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  • Tel Aviv police beating a reminder that we all have a choice — every day

    Plainclothes police officers are filmed beating an Arab man in the middle of Tel Aviv in broad daylight. What would you have done if you were there? How would Jewish Israelis react if they saw a group of men starting to beat an Arab man to a pulp, breaking his bones right next to us? How many of us would rush over to help him, just as some of Maysam Abu-Alqiyan's friends did in central Tel Aviv Sunday — friends who paid the price after they too found themselves on the receiving end of police brutality, returning to the supermarket…

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  • Why I'm not afraid of Avigdor Liberman

    My dear leftists, there's really no reason to ask the last person to leave Israel to turn out the lights, as many of you have done over the last 48 hours. Most chances are that things will remain just as bad as they are – which is, in itself, hardly a reason to rejoice. By Gilad Halpern The pioneering 1970s rock band Kaveret (Hebrew for beehive) was groundbreaking in many respects. Other than their huge musical contribution, the band's repertoire included comical, sometimes nonsensical songs that stood in stark contrast to the earnest, stuffy folk songs that had hitherto characterized…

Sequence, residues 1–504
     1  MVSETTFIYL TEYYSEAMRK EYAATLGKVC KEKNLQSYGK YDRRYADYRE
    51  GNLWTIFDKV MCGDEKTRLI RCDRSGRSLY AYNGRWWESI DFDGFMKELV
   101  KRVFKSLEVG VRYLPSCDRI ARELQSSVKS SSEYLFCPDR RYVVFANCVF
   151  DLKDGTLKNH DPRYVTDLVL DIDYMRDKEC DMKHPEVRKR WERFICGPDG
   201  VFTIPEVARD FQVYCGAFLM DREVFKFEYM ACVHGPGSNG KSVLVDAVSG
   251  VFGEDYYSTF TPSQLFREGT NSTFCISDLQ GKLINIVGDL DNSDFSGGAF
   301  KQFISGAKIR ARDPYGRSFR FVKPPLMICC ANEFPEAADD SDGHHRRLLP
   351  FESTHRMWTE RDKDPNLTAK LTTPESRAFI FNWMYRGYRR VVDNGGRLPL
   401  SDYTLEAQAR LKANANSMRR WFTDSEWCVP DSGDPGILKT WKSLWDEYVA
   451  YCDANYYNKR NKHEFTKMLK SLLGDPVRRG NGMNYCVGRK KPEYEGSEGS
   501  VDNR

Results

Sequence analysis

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  • Naftali Bennett's vision: Equality through Jewish supremacy

    Behind all the pretty words, Bennett's speech at the Israel Prize ceremony reveals exactly what he's after: a Jewish nationalist theocracy.  By Gil Gertel During last Thursday's annual Israel Prize ceremony, Education Minister Naftali Bennett gave a speech laying out his vision. He called for the establishment of a national, Jewish state, and in order to justify his outlook he used a history that doesn't even exist in the bible, scorned diaspora Jews, and promised equality for all through Jewish supremacy. "This is the only way," he summarized his speech in support of Jewish theocracy, to the applause of those…